If you live in a house built before 1980, there’s a possibility it was constructed with asbestos. Approximately one-third of Australian homes contain asbestos in some form or another. Sounds dangerous, right? But what exactly is this material?
Whether you’re worried that your home might have asbestos or just want to learn more about it, this guide will help you understand why it is harmful and what you can do if found in your home.
What is asbestos?
Asbestos is a natural mineral found in rocks and soil. It is composed of soft and flexible fibres that are immune to electricity, heat, chemicals, and corrosion. That’s why it worked well for manufacturers, even though it is highly toxic. It was widely used for years to make construction materials, automotive parts, and even textiles. Being an effective insulator, asbestos can also be used in cloth, paper, cement, plastic, and other materials to make them stronger.
Today, Asbestos mines are no longer in operation since the hazards of its exposure became widely recognised. The production gradually decreased after reaching its peak in the 1970s.
Why is it harmful?
Asbestos is harmful if the material has been damaged over time. Asbestos that crumbles quickly or has been sawed, scraped, or sanded into a powder is likely to release asbestos fibres and create a health hazard. When these particles are inhaled or ingested by humans, mineral fibres can become permanently trapped in the body.
These trapped asbestos fibres can cause inflammation, scarring, and eventually genetic damage over the years. It can also cause rare and threatening cancer called mesothelioma, lung diseases, and other cancer forms.
Where in homes is it normally found?
Asbestos was one of the basic construction materials used for many houses and buildings in the 1980s because it was considered long-lasting and inexpensive. It can be found in different housing materials, including cement, roof shingles, steam pipes, ceiling tiles, floor tiles, textured paint, and insulation. Asbestos can also be found on basement boilers and pipes, HVAC duct insulation, plaster, caulking, and blown-in attic insulation.
How do I find out if I have asbestos?
It’s quite challenging to be sure if your house may have asbestos, but if your home was constructed between the 1940s and 1980s, there’s a higher probability that your home’s materials contain asbestos. Uninsulated pipes with white or grey insulation remnants on the fittings are common signs, and an outline of flooring tiles in nine-inch square patterns, a standard tile size containing asbestos.
Still, these aren’t reliable. If you want to be sure that your home is free from this hazardous chemical, it’s best to hire a professional to inspect your house. Since asbestos can only be identified using a specialised microscope, the inspector will take small samples from your materials and test them in a laboratory for analysis.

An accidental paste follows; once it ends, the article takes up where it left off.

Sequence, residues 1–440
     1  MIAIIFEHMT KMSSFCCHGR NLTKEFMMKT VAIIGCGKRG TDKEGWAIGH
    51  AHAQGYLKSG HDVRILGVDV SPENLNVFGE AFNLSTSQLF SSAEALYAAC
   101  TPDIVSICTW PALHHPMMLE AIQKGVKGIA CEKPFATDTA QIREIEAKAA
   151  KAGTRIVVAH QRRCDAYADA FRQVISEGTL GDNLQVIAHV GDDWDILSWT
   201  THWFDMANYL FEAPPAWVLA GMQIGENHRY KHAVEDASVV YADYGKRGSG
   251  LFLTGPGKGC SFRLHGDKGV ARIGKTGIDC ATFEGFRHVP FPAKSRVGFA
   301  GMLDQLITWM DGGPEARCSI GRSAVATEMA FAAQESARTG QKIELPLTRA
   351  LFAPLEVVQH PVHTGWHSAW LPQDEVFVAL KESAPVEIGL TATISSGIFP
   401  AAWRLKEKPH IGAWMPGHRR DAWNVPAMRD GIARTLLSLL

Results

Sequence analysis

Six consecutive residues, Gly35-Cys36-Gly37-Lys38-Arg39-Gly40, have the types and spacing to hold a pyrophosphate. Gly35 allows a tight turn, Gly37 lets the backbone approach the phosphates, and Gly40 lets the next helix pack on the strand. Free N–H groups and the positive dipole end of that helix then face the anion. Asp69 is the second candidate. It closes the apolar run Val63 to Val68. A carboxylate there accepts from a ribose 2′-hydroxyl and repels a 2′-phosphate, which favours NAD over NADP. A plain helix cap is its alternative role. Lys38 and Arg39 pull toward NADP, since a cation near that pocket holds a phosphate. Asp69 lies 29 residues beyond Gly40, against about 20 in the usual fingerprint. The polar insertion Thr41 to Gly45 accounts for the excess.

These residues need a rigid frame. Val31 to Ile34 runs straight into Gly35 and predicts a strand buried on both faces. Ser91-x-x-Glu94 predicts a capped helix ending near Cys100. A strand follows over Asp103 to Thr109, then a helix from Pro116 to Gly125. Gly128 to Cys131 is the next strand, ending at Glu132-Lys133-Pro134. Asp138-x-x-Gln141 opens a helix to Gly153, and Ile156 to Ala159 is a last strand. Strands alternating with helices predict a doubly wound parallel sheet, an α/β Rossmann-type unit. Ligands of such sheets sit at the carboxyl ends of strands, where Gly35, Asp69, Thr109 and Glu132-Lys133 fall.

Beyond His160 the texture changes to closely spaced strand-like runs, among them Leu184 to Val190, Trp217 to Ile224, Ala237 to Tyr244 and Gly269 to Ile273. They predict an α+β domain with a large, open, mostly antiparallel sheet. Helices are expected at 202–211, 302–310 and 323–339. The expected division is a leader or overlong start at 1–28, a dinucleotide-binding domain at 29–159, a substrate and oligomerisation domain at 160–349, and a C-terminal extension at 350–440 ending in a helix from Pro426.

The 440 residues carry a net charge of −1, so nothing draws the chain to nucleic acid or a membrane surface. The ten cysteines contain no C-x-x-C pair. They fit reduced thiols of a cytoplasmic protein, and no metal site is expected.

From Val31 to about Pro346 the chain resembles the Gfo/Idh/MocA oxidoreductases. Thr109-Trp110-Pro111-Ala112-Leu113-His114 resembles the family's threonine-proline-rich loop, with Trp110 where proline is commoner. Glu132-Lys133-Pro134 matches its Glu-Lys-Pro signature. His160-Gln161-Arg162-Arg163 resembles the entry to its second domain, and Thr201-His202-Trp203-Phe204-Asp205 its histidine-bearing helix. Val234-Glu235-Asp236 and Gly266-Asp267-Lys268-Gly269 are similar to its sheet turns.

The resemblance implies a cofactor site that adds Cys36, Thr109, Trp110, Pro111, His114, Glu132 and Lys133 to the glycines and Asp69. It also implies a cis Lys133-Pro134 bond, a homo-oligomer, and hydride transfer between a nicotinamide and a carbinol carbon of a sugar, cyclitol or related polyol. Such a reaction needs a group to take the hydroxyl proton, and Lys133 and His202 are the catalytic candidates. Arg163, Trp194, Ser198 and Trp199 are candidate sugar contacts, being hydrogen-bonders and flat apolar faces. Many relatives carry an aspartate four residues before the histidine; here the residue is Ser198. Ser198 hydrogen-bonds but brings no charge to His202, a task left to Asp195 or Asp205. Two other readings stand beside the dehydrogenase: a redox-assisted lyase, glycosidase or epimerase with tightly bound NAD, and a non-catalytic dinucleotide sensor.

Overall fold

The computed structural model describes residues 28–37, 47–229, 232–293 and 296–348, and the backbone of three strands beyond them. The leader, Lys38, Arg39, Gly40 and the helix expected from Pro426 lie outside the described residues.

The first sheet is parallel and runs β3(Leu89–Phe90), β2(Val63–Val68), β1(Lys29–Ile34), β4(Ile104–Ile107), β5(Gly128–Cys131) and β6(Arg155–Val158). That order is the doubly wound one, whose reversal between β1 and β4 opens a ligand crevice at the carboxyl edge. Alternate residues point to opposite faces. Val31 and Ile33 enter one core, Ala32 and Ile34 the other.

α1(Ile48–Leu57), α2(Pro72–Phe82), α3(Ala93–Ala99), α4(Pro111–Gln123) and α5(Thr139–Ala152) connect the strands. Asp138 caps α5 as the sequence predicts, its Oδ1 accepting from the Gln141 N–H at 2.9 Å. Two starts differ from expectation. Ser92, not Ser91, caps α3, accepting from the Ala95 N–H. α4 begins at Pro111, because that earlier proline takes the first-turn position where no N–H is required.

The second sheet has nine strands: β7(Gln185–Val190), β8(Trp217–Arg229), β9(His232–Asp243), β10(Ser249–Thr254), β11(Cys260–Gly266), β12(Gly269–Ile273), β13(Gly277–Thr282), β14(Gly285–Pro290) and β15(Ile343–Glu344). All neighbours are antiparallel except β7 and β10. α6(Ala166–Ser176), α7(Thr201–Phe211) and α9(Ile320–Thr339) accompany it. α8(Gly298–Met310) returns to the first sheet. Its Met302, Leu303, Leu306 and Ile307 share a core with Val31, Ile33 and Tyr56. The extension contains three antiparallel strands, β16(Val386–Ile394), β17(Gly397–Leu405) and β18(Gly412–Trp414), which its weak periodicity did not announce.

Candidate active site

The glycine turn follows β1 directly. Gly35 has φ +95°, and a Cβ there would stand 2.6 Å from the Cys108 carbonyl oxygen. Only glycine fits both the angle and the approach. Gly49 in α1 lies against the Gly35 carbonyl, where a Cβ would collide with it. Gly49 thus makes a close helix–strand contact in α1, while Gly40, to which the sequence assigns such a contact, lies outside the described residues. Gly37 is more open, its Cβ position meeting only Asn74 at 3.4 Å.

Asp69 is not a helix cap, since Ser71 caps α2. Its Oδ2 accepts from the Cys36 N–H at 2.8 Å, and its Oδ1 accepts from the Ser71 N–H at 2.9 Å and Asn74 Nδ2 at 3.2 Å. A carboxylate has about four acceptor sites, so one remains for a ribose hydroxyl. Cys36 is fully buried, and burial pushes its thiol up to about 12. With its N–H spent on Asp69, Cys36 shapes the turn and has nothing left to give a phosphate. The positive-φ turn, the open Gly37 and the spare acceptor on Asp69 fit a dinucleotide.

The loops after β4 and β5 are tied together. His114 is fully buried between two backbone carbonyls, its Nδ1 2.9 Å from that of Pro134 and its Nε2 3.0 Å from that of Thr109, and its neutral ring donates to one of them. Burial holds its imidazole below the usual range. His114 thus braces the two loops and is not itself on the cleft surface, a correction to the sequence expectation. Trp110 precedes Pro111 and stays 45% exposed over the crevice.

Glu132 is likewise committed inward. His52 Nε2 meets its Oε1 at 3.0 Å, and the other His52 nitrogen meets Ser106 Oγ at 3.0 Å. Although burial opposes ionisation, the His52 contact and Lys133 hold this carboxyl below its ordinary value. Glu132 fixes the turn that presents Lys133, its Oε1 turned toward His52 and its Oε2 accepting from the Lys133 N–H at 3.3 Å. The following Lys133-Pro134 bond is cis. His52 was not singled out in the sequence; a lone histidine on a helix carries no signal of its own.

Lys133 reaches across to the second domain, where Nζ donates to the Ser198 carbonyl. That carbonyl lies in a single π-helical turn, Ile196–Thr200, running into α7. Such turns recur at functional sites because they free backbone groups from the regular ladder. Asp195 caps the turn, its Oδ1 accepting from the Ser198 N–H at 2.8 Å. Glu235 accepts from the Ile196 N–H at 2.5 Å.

When should I have an inspection?
Before doing any repairs or renovation on your house, it is crucial to obtain an asbestos audit to identify if you have asbestos that needs to be managed or removed. You need to do the same if buying a an old property. In some cases, it is recommended to undertake a pre-renovation or pre-demolition survey as a government requirement. It is essential to check with the work health and safety regulator in your state or territory to determine what requirements apply.
Who can do an inspection?
All asbestos inspections must be done by a licensed asbestos assessor or persons who have undertaken a recognised training course in asbestos identification. The person must be trained and experienced in taking asbestos samples and in identifying asbestos. The assessor must know the risk and the action that should be taken, and be familiar with building and construction methods to recognise where asbestos is likely to be located.
What can I do about asbestos in my home?
If you find something in your home that you suspect is asbestos, don’t touch it. Even if the asbestos-containing material is in good condition, the best option is to leave it alone. If the material is more than slightly damaged or could be disturbed, contact a trained and accredited asbestos professional.
The repair usually involves either sealing or covering asbestos material. It’s essential to limit access to the area until a professional can confirm the presence of asbestos. Improper removal may increase your and your family’s exposure to asbestos fibres.
Asbestos Testing with Inspect My Home
Asbestos fibers can severely harm your health. If you are exposed, you will be at risk of getting an asbestos-related illness. You need to take immediate action if you suspect asbestos in your home.
One of the largest and most trusted building and pest inspection companies in Australia, Inspect My Home is committed to providing you with a professional and thorough property inspection. We have professional inspectors who carry out Asbestos Testing across Queensland and New South Wales, and provide you with an accurate audit report. If the presence of asbestos in your home is confirmed, we will provide an asbestos management plan to help you.